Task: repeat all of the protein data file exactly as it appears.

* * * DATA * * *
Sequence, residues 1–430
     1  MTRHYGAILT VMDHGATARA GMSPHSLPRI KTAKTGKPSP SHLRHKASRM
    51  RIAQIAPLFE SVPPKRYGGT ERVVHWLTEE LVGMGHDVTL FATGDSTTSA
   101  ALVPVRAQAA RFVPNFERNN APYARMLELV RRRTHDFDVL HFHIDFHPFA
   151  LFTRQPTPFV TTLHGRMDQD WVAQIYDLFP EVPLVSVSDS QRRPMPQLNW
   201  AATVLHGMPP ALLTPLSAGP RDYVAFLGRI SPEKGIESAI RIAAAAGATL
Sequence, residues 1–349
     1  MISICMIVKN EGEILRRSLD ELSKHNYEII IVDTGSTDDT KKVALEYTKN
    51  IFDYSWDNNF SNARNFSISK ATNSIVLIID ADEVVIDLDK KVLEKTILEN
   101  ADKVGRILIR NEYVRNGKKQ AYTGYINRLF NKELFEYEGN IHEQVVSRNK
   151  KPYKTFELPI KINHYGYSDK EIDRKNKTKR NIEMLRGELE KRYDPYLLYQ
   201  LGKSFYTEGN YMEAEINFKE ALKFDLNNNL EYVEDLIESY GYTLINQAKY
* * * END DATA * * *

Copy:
Sequence, residues 1–430
     1  MTRHYGAILT VMDHGATARA GMSPHSLPRI KTAKTGKPSP SHLRHKASRM
    51  RIAQIAPLFE SVPPKRYGGT ERVVHWLTEE LVGMGHDVTL FATGDSTTSA
   101  ALVPVRAQAA RFVPNFERNN APYARMLELV RRRTHDFDVL HFHIDFHPFA
   151  LFTRQPTPFV TTLHGRMDQD WVAQIYDLFP EVPLVSVSDS QRRPMPQLNW
   201  AATVLHGMPP ALLTPLSAGP RDYVAFLGRI SPEKGIESAI RIAAAAGATL
Sequence, residues 1–349
     1  MISICMIVKN EGEILRRSLD ELSKHNYEII IVDTGSTDDT KKVALEYTKN
    51  IFDYSWDNNF SNARNFSISK ATNSIVLIID ADEVVIDLDK KVLEKTILEN
   101  ADKVGRILIR NEYVRNGKKQ AYTGYINRLF NKELFEYEGN IHEQVVSRNK
   151  KPYKTFELPI KINHYGYSDK EIDRKNKTKR NIEMLRGELE KRYDPYLLYQ
   201  LGKSFYTEGN YMEAEINFKE ALKFDLNNNL EYVEDLIESY GYTLINQAKY